When holiday harmony falls flat, whip up some compassion
Q: My mother is terribly hurt that I feel no attachment to my five stepsiblings and no desire to spend even one holiday every couple of years with them.
They are all sorts of crazy, two daughters are in and out of rehab and mental institutions, and the third ought to be. One son has recently spent time in prison, for what, I don't know.
Every moment I was forced to spend with them as a kid was torture, and I have no desire to expose my two children to their generally immature, sometimes ridiculous behavior. My sister goes every couple of years to keep the peace, and strongly believes I should, too. My husband refuses to go no matter what I decide … he can't abide them even for an afternoon. I got the full-court press from my mom this year. Am I under any obligation to spend an occasional Thanksgiving with my mother, her husband and his family?
A: Mom is "terribly hurt" because you avoid the children of the man she married? Disappointed, okay, but if you're representing her accurately, then she (1) regards your opinion of your stepsibs as a reflection on her; (2) expects you to fix that for her; and (3) is thinking of herself, not you, as she applies her annual arm-twisting.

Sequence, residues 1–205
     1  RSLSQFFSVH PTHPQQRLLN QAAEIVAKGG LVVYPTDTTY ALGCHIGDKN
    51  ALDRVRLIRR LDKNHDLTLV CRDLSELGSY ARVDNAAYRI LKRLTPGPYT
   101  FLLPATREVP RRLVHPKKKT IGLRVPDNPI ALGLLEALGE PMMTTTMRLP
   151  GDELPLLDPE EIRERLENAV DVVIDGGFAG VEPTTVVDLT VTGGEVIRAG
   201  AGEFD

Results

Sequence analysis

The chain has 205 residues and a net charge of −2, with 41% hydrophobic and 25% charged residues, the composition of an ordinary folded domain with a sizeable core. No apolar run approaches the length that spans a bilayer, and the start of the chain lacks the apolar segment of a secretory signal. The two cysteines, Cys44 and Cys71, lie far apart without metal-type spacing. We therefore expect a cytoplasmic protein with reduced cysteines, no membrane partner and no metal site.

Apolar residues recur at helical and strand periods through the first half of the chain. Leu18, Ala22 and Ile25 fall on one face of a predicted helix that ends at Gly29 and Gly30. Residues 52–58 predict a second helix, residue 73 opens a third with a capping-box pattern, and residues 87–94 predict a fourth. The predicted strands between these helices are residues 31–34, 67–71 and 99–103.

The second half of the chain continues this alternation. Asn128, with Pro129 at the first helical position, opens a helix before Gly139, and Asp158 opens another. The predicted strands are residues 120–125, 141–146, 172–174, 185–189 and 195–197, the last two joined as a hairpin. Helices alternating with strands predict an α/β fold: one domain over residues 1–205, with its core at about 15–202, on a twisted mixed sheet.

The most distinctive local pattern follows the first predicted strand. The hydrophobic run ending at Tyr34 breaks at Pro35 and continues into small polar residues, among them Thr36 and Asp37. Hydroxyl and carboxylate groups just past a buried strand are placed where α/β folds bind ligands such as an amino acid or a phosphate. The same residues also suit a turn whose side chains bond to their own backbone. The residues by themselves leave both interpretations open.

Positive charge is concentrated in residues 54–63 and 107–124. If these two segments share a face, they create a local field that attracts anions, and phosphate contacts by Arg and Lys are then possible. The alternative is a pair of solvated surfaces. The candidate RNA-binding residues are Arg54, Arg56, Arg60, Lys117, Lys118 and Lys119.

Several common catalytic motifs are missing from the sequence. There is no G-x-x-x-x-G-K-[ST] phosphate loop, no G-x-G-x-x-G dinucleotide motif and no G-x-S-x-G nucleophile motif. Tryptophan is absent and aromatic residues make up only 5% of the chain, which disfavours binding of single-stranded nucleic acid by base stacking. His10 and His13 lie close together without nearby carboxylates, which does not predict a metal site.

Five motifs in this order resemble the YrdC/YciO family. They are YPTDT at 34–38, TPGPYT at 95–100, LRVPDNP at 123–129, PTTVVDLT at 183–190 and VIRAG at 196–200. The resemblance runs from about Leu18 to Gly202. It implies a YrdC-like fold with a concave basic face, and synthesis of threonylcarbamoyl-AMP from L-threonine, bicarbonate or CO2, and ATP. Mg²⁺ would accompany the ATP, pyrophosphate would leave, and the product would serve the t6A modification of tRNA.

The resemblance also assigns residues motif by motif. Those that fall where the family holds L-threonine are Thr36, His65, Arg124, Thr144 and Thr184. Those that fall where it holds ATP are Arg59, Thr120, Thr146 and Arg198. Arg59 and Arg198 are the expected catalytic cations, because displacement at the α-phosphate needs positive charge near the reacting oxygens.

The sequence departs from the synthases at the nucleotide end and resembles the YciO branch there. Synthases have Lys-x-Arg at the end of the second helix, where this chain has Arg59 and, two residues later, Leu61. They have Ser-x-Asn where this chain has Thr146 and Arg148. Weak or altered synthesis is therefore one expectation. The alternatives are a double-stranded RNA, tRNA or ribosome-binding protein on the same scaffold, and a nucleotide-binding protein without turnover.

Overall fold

Three strikes against the likelihood that Mom herself is in great emotional health.
That's all built on an "if." However, even the basics — stepsibs are unusually troubled, Mom won't take "no" for an answer — suggest you'll have no Thanksgiving peace until you resolve whether you owe your mom a visit or she owes you a break.
To get to that point, you also need to figure out what you owe yourself. (And yes, you owe it to your husband and kids to spare them.)
Before you start sorting, though, there's something you owe everyone here: compassion. If only one stepsister had been in and out of mental institutions, I doubt you'd say out loud, even anonymously, that you want no part of her "crazy."
Yet at least three, possibly four, stepsibs are dealing with significant mental illness. One frailty generally inspires sympathy, but a barrage of them tends to pry loose our contempt. And while I agree with not exposing your children to family members who apparently aren't managing their illnesses effectively, I'm reaching for a nonscolding way to suggest you soften your approach — even if you ultimately decide not to break turkey with this family next year.
Showing compassion for yourself counts, too, particularly for the youthful version of you. Obviously your mother's remarriage put a painful dent in your childhood.
If you believe your mom knew the chaos she was bringing to your life, and prioritized her own needs or wishes over your emotional (even physical) security, then that's a legitimate grievance. You also have a fair grievance if she had no way of predicting the chaos, but still failed to shield you from it once it had clearly set in.
This is a growing stack of "ifs," but, last one: If true, these are grievances against your mom, not your stepsibs. And, again, what you owe your mom, or don't, is the key to a satisfying decision when this annual bird comes to roost.